A College Campus Becomes a Flood Relief Camp

A helicopter brings supplies for the relief camp at UCC.

Thara K. Simon began her tenure as principal of Union Christian College (UCC) on March 31, 2018, the first female to lead this 100-year-old institution located in the southwestern Indian state of Kerala. Five months later, as heavy rains and severe flooding struck Kerala, Dr. Thara put aside her typical administrative responsibilities in order to respond to emergency conditions. UCC, located on a hilltop, had been spared the worst effects of the devastation, so Principal Thara and her colleagues welcomed those displaced by the flooding to the UCC campus. For two weeks, the campus served as a flood relief camp, giving shelter to about 13,000 people.

A campus building is transformed into a relief camp.

“A team of committed faculty, staff, and 30 student volunteers worked day and night,” Dr. Thara wrote soon after the camp closed and the college prepared to resume normal operations. Conditions were extremely difficult during the relief efforts. “There was no power supply or landline telephone connection or mobile signal. The airport was closed. Food, medicine, water, clothing, and other amenities were available through helicopters that landed in the UCC football ground. The military as well as the rapid action force had their separate base camps in UCC itself, and went to rescue people in and around the area.”

Despite the challenges, Dr. Thara, Lt. Dr. G Geethika, and their colleagues and students responded with hospitality and efficiency. “We had special sections for 12 pregnant women, 16 mothers with infants up to six months, and a room full of feeding children and mothers. A special section was set apart for very old people (including a 100-year-old and a 103-year-old) and for people who had undergone many kinds of surgery. The college cafeteria was converted into a mini hospital, and we thank God that we could cater all who needed service without any causalities.”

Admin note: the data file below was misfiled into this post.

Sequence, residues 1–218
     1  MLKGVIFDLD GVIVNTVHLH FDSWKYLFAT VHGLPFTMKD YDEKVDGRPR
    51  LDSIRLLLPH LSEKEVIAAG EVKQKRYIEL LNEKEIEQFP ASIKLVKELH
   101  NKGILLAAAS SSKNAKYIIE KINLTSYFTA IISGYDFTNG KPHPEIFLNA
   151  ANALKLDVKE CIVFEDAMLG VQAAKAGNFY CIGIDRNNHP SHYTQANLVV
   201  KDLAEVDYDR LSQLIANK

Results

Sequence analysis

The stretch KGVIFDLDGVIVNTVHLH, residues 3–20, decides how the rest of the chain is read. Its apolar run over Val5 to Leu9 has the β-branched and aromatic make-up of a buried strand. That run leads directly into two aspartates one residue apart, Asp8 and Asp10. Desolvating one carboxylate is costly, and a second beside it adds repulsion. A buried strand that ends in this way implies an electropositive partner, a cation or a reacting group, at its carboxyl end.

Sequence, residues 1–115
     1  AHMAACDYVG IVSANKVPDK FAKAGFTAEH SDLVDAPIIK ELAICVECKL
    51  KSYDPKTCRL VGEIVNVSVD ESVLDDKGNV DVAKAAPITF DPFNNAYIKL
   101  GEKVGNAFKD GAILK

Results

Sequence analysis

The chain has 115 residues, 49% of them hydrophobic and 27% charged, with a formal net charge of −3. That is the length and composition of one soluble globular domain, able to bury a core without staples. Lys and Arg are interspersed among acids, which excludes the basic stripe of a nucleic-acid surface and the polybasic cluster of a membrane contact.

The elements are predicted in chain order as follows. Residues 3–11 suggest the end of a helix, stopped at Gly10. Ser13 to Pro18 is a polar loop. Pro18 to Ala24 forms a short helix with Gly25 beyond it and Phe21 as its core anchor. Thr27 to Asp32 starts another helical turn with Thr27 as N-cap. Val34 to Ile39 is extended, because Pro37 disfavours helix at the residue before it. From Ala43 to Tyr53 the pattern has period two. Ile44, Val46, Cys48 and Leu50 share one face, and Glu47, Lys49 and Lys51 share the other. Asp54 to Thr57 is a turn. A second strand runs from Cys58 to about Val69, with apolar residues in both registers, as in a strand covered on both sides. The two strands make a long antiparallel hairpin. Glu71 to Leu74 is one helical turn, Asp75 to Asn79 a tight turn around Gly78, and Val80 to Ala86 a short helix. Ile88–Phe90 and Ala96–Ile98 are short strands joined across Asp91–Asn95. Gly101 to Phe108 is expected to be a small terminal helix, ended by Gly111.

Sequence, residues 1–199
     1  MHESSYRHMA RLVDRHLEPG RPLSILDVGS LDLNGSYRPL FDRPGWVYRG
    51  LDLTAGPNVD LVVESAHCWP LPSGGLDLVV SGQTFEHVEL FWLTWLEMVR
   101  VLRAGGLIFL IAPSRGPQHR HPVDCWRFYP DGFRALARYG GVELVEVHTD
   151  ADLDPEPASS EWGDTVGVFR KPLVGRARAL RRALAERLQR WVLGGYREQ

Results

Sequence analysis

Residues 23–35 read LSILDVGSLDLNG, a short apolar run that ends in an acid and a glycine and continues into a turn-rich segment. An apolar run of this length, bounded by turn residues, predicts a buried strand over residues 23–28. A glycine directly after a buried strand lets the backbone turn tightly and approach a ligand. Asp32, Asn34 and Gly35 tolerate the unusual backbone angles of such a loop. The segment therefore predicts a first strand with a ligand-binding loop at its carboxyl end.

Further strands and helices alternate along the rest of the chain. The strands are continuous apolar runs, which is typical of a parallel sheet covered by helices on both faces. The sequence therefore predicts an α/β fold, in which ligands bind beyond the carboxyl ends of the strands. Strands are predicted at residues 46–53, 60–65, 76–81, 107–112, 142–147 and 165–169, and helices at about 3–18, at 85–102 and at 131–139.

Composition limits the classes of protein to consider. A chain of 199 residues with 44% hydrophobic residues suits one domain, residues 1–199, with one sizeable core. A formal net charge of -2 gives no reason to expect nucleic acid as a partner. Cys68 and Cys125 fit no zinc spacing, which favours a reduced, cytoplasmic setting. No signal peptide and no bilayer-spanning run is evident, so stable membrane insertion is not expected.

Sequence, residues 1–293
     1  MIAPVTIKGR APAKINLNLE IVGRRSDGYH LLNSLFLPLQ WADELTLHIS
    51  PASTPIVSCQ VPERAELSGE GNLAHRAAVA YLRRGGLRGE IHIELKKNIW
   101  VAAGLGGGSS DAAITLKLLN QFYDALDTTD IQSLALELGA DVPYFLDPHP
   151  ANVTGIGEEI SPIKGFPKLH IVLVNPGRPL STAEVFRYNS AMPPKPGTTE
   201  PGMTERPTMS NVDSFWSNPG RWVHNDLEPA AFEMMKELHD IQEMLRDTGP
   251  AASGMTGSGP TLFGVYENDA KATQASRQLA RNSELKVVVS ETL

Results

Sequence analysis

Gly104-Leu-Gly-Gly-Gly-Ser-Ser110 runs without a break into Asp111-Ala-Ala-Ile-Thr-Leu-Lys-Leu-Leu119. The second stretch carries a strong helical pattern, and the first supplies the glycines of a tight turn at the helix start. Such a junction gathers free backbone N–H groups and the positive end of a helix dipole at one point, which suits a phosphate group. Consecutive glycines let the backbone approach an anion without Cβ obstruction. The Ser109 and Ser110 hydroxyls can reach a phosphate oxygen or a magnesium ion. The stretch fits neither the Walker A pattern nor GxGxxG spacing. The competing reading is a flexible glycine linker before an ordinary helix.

UCC staff and students, who served as volunteers at the relief camp.

After two weeks, the water levels receded and UCC was able to close the relief camp, clean up the campus, and reopen the college. Union Christian College received appreciation from the local government for the successful completion of REBUILD KERALA – Damage Assessment Survey, which was conducted to assess the structural damage of 9,534 houses in 21 wards. Two hundred sixty-one students of the college, including National Cadet Corps (NCC) members and National Service Scheme (NSS) and pain and palliative care volunteers, registered for the survey and uploaded the damage details through the “Rebuild Kerala” app using geo-tagging technology within a short span of three days.

Dr. Thara has had some time to reflect upon the experience. “With profound gratitude, I recall how the United Board provided leadership training to me as a United Board Fellow,” she wrote. Dr. Thara was a member of our first cohort of United Board Fellows (2002-2004), yet many years later she continues to draw on the leadership skills she acquired over the course of the program.

The United Board applauds the UCC community for its generous response to those in need during the period of flooding and dislocation. “Kindly keep us in your prayers,” Dr. Thara wrote, a request that we humbly accept.